Artifact has some great flavor, making great use of the world it inherited from DOTA 2. It is a shame to miss out on it because the cards that would trigger it aren’t up to the task, or to be exposed to the same subsection over and over.
7. Players can be forced to explore in interesting ways
Often players all accept a bit of conventional wisdom, or have the intuition that an approach is correct. They end up all playing the same cards, either everywhere or when using a particular deck or color combination.
The catch is, that decision is often wrong. Or at least, there are alternatives worth using at least some of the time. But no one has thought of them.
Looking at the Old School format is one way to see that players spent years missing everything from interesting individual card choices to entire strategies.
A more brazen example? Remember Magic’s Trix deck that used Necropotence, Illusions of Grandeur and Donate? It took over its format completely.
In the first Pro Tour where the deck was legal, zero players played both Necropotence and Donate. My test group didn’t even look at it.
At one point, I won a Grand Prix with a deck called TurboLand. I was the only person in the entire 400+ person field who played it, despite writing about it before the tournament. It then became a first-tier deck for the rest of that season. If I had drawn poorly in one more round in that tournament and finished 23rd, no one would have looked at the deck twice.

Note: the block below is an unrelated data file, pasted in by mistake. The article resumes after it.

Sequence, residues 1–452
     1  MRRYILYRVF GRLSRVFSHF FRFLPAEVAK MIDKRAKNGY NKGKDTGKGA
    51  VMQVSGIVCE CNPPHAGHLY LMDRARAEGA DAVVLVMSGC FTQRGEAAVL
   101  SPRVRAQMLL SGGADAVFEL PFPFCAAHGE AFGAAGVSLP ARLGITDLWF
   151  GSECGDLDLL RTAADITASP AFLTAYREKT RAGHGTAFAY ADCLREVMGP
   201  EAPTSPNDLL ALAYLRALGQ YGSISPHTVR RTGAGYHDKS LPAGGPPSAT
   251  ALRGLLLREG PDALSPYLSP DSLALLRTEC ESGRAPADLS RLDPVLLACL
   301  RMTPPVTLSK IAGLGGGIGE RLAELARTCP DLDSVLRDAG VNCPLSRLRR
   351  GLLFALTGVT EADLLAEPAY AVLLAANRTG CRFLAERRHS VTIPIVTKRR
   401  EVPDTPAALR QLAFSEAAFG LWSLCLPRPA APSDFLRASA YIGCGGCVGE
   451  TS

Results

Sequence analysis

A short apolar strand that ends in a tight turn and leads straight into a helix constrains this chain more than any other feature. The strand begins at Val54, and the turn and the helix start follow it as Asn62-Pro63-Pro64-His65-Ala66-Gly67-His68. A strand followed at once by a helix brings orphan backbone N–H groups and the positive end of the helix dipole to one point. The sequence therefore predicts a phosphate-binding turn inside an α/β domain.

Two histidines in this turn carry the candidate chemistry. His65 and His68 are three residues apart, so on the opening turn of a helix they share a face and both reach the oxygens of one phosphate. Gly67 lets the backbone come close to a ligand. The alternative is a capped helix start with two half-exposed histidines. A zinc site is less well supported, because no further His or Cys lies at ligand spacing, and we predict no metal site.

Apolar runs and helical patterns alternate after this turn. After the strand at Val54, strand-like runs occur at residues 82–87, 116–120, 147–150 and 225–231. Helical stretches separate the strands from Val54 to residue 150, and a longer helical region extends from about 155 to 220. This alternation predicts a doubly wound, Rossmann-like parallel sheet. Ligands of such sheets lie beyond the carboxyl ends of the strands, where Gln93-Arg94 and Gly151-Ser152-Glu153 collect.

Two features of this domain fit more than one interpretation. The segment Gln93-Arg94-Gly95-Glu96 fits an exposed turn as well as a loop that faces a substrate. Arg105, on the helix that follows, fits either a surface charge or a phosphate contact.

There is a phenomenon where sometimes, banning a card makes the deck it was in better, because players then focus on optimizing the deck and finding all their remaining options, and find a better build. If you then put the banned card back, the deck might get better still.
[TODO]The trick is, suppose everyone plays Blink Dagger in every Artifact deck. Which they more or less do. Players get experience playing with Blink Dagger, learning how best to use it. Even if other cards are as good, and sometimes more appropriate, players will never try them out and get that information and experience. If you got rid of (or increased the cost of) Blink Dagger, players would be forced to experiment. Even if you later returned the cost back, players would have learned about other items and how to build their decks and strategies using them. We’d end up with more diversity and more fun.
8. Players feel they have a voice and the game is responding to them
The comments to this series so far only reinforce what the rest of the internet is saying, and has said for a long time. Most players believe that balance is good, and rebalancing is good if it creates more balance. Such policies and actions make them happy.
No matter what other effects rebalancing has, we have proven beyond a doubt that players and potential players of Artifact are thrilled to hear about it. They feel listened to and cared about. They feel like Valve is committed to solving problems and to caring most about the best game play.
That’s a great thing. Even if the changes turn out to ultimately have some nasty side effects, making players happy via their reactions to the announcement is a huge deal. If reaction is this positive, the resulting player love and interaction might dwarf all the other factors straight away.
Done right, card rebalancing offers the opportunity to make a game everything it was intended to be or could be, and more, while keeping it fresh and new for the players. Sounds great.
There are catches. That’s for next time.